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The News Roundup — International

A sign saying "It is a privilege to believe the police will protect you" is seen among the flowers and candles on Clapham Common where floral tributes have been placed for Sarah Everard in London, England. Hundreds of people turned out in Clapham Common on Saturday night to pay tribute to Sarah Everard, a 33-year-old London resident whose kidnapping and death - allegedly at the hands of an off-duty Metropolitan Police officer - prompted a wave of concern over women's safety.
A sign saying "It is a privilege to believe the police will protect you" is seen among the flowers and candles on Clapham Common where floral tributes have been placed for Sarah Everard in London, England. Hundreds of people turned out in Clapham Common on Saturday night to pay tribute to Sarah Everard, a 33-year-old London resident whose kidnapping and death - allegedly at the hands of an off-duty Metropolitan Police officer - prompted a wave of concern over women's safety.

Several companies in the European Union halted the distribution of the AstraZeneca COVID-19 vaccine, citing the risk of blood clots. But a top E.U. health agency said the shot’s benefits are far greater than its risks and that it does not increase the risk for blood clots. The U.K. has continued to vaccinate its citizens using the AstraZeneca shot.

We also talked about the protests in the U.K. related to the death of Sarah Everard earlier this week.

After the White House said North Korea had not responded to its diplomatic outreach, Kim Yo Jong, leader Kim Jong Un’s sister, responded by warning the United States not to cause a “stink.” The comments come as top U.S. officials have traveled to Asia for meetings with the Japanese and South Korean governments.

And activists are pushing the U.S. government to drop its support for Haitian President Jovenel Moïse’s planned elections amid an increase in violence and kidnappings in the country.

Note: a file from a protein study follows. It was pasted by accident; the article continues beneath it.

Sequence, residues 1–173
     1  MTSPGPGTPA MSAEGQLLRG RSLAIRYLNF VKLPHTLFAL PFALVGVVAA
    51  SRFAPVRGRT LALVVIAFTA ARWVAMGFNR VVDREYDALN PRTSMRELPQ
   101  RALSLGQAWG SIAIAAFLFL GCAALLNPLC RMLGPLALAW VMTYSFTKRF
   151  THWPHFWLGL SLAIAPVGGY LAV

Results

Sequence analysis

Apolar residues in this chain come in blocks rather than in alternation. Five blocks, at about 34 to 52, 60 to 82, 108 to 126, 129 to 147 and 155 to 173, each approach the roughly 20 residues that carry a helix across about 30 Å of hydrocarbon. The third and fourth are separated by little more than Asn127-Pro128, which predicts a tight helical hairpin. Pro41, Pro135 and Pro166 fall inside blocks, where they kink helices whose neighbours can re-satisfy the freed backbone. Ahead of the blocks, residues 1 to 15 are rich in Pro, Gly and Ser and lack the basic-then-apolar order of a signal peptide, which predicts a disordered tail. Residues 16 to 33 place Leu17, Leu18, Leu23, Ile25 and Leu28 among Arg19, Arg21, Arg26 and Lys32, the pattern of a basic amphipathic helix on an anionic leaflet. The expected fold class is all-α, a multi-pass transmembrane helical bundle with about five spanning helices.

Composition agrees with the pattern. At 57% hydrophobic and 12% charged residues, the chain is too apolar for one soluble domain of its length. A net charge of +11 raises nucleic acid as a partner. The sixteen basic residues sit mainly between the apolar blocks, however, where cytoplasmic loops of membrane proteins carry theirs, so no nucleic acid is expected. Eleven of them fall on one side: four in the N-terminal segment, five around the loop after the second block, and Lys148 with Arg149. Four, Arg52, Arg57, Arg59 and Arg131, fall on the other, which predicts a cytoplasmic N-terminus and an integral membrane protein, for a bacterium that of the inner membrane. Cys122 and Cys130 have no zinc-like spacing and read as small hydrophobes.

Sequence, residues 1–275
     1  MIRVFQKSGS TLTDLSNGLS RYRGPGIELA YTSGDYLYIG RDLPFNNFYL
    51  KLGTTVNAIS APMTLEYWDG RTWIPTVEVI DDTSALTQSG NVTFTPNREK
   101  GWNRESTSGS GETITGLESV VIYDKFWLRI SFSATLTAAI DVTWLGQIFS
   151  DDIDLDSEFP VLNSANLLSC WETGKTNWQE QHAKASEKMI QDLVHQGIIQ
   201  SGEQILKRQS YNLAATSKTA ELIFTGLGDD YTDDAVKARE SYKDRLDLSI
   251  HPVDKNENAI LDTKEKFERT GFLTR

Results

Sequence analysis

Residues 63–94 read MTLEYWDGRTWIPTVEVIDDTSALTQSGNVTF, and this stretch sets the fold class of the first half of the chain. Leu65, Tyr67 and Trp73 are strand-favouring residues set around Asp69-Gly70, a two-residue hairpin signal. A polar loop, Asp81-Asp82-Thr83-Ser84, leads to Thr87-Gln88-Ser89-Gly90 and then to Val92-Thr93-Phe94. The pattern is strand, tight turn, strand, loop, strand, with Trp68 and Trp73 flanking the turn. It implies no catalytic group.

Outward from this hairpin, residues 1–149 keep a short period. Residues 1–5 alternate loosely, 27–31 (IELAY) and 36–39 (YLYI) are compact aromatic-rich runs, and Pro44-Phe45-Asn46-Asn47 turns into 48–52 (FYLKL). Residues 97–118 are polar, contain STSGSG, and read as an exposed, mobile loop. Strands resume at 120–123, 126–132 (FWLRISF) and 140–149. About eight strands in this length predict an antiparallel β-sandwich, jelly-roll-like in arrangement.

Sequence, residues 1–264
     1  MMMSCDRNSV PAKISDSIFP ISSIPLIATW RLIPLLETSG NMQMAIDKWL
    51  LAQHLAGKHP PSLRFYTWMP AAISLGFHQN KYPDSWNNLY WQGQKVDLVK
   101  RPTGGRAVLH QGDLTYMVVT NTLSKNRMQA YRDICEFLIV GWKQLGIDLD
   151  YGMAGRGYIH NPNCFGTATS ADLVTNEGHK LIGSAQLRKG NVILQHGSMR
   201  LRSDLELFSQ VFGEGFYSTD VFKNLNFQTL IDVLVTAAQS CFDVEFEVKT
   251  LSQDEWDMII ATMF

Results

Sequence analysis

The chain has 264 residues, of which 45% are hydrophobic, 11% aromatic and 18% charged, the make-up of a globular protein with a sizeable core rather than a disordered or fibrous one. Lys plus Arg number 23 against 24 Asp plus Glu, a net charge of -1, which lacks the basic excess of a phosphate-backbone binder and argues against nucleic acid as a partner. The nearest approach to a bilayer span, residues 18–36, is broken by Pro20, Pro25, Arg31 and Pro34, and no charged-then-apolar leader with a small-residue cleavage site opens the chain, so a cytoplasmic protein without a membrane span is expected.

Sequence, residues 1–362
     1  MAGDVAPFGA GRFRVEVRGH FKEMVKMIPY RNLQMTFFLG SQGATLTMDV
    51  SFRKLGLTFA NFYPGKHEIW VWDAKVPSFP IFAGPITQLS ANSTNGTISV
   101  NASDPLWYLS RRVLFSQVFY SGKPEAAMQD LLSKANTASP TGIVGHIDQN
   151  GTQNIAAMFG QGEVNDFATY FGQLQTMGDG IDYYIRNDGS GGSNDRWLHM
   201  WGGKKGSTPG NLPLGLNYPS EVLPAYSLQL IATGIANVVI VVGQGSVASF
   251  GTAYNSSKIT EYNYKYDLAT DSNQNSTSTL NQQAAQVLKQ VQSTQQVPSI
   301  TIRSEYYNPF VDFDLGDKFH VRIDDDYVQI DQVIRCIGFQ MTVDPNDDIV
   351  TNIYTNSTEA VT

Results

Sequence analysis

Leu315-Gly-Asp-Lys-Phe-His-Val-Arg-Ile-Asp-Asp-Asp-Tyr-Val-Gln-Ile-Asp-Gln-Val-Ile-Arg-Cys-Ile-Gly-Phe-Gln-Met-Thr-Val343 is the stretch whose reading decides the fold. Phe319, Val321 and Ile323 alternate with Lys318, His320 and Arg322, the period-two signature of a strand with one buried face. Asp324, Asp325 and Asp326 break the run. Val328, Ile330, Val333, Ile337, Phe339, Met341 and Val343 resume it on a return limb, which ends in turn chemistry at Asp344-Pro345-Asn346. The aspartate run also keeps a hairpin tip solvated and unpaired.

Christine Jean-Baptise wrote for Teen Vogue about what’s happening in Haiti and how mainstream media outlets are portraying the crisis.

Working on the front lines as an activist, feminist, and cofounder of Nègès MawonPascale Solages saw thousands of Haitian protesters attempting to reclaim control of their lives. “I see people who know that when they go out on the street, it may be putting their lives in danger, but they know they don’t live enough to not tell themselves that they have to take risks,” she tells Teen Vogue.

The protests were ignited after Moïse refused to step down, announcing on February 7 that he was beginning “the first day of my fifth year” in office. After a tumultuous yearlong electoral delay due to allegations of fraud in 2015, his opposition argues that his mandate actually expired last month, saying his five-year term began in 2016 and not the year after. Not only did Moïse reject those claims, but he accused opposition leaders of planning a coup against him. He retaliated by arresting 23 people, including a Supreme Court judge, a surgeon, and a senior police official. This crackdown did not stop Haitians of all ages from mobilizing against Moïse’s questionable term and foreign support. As The Nation reported, “It’s not about one criminal; it’s about a criminal system, supported by very heavy hitters, including the international community.”

We have all those stories and more on the global edition of the News Roundup.

David Gura hosts this edition of the Roundup.

Find the songs that we played as live show break music this week here.

Copyright 2021 WAMU 88.5

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